|Missouri Dairy Business Update|
|Volume 4, Number 4|
Higher milk prices in April milk checks have pleased dairymen. In May when dairymen receive their final checks for April's milk production, they will see just how incredibly far and fast this milk market has moved in three months.
When the January issue of this newsletter was published on January 26, 2004, the Class III futures price for April milk was $12.05 per cwt. Now, just three months later the April Class III price that will be announced on Friday, April 28, 2004 will be around $19.60 per cwt. That is a jump of 62% in the price of Class III milk.
How Long Can The Good Times Last?
According to Bob Cropp, Professor Emeritus at the University of Wisconsin, April 20, 2004 http://aae.wisc.edu/future/OUTLOOK/cropp_april_04.pdf
"We need to recall recent history that when cheese and milk prices reach relatively high levels-September of 1999 and September of 2001--- once prices fell, they fell quickly and to low levels. Could this happen again?"
"The answer is yes, except that there are some major differences. First, these earlier peaks were in September and not early like now. By September the supply of butter and cheese has been fairly well built for the strong sales period of Thanksgiving and Christmas and normally milk production soon begins its fall seasonal increase. In comparison, we will soon begin the seasonal decline in milk production and there is little indication that milk production will even be at year ago levels. For both the declines of 1999 and 2001 milk cow numbers were on the increase and milk production improving. So I don't see any return to $10.00 Class III and Class IV prices this year or even in 2005."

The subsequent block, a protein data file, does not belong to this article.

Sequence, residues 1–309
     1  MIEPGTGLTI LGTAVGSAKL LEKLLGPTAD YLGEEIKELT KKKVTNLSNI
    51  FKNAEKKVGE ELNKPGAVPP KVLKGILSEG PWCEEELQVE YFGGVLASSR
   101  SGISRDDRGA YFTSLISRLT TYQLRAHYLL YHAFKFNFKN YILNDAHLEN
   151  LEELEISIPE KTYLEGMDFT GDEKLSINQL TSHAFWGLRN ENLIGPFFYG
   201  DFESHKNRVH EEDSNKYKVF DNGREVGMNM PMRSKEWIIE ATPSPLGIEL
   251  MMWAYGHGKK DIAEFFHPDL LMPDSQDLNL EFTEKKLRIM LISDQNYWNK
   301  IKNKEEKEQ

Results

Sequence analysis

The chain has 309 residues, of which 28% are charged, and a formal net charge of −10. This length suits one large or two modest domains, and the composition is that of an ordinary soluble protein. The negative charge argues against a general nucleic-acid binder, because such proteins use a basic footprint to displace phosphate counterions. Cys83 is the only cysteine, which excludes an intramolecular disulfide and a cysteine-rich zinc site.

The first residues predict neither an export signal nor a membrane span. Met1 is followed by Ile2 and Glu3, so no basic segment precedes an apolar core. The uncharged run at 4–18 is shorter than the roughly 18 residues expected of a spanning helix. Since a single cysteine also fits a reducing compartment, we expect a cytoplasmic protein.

"But, if cheese prices have in fact peaked and do start to decline the end of April and early May, they could decline rather sharply as sellers attempt to move any long cheese supplies and buyers wait to see really how desperate sellers are in moving this cheese. Only time will tell, but these historically high cheese prices and Class III prices will eventually decline as there will be both some supply response and demand response. "
"Dairy producers need to decide whether they want to take advantage of the opportunity of milk prices in the upper best 1/3rd historical and above average price ranges via forward contracting with a milk buyer or using futures and options. While it looks like even for the second half of the year milk prices could well stay above the historic average, they could be considerably lower than what dairy futures now offer. We do know that cheese, butter and farm level milk prices are very sensitive to new market reports on milk production, dairy stocks and commercial sales. Predicting exact milk prices very far out is difficult, if not impossible in this environment. The market keeps on surprising us. The use of risk management tools whether they be forward contracting, the use of futures, options or some combination can assist a dairy producer to manage this price uncertainty and to protect an established targeted milk price that fulfills farm business goals."
Historical Missouri milk prices may be found at: http://agebb.missouri.edu/modbu/milkprices.htm
The latest USDA Dairy Outlook forecasts the following prices for 2004.
To view the calculations behind the MILC payments and to check the very latest MILC payments, check the NE Milk Marketing Administrators website at: http://www.fmmone.com/Northeast_Order_Prices/MILC%20calculator/DMLP.htm
Hedging Opportunity Chart for next 12 Months http://www.uwex.edu/ces/milkmarketing/